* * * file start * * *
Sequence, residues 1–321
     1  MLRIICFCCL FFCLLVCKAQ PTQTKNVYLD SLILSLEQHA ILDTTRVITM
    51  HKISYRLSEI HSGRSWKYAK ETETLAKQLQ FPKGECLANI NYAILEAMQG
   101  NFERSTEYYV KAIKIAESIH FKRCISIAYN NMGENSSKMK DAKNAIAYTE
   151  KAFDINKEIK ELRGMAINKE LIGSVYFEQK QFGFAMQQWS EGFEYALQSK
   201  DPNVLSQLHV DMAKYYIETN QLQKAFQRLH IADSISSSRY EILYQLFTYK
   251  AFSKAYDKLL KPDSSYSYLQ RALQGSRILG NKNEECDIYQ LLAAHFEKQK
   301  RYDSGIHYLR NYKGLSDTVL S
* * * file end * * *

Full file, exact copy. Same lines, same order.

Sequence, residues 1–321
     1  MLRIICFCCL FFCLLVCKAQ PTQTKNVYLD SLILSLEQHA ILDTTRVITM
    51  HKISYRLSEI HSGRSWKYAK ETETLAKQLQ FPKGECLANI NYAILEAMQG
   101  NFERSTEYYV KAIKIAESIH FKRCISIAYN NMGENSSKMK DAKNAIAYTE
   151  KAFDINKEIK ELRGMAINKE LIGSVYFEQK QFGFAMQQWS EGFEYALQSK
   201  DPNVLSQLHV DMAKYYIETN QLQKAFQRLH IADSISSSRY EILYQLFTYK
   251  AFSKAYDKLL KPDSSYSYLQ RALQGSRILG NKNEECDIYQ LLAAHFEKQK
   301  RYDSGIHYLR NYKGLSDTVL S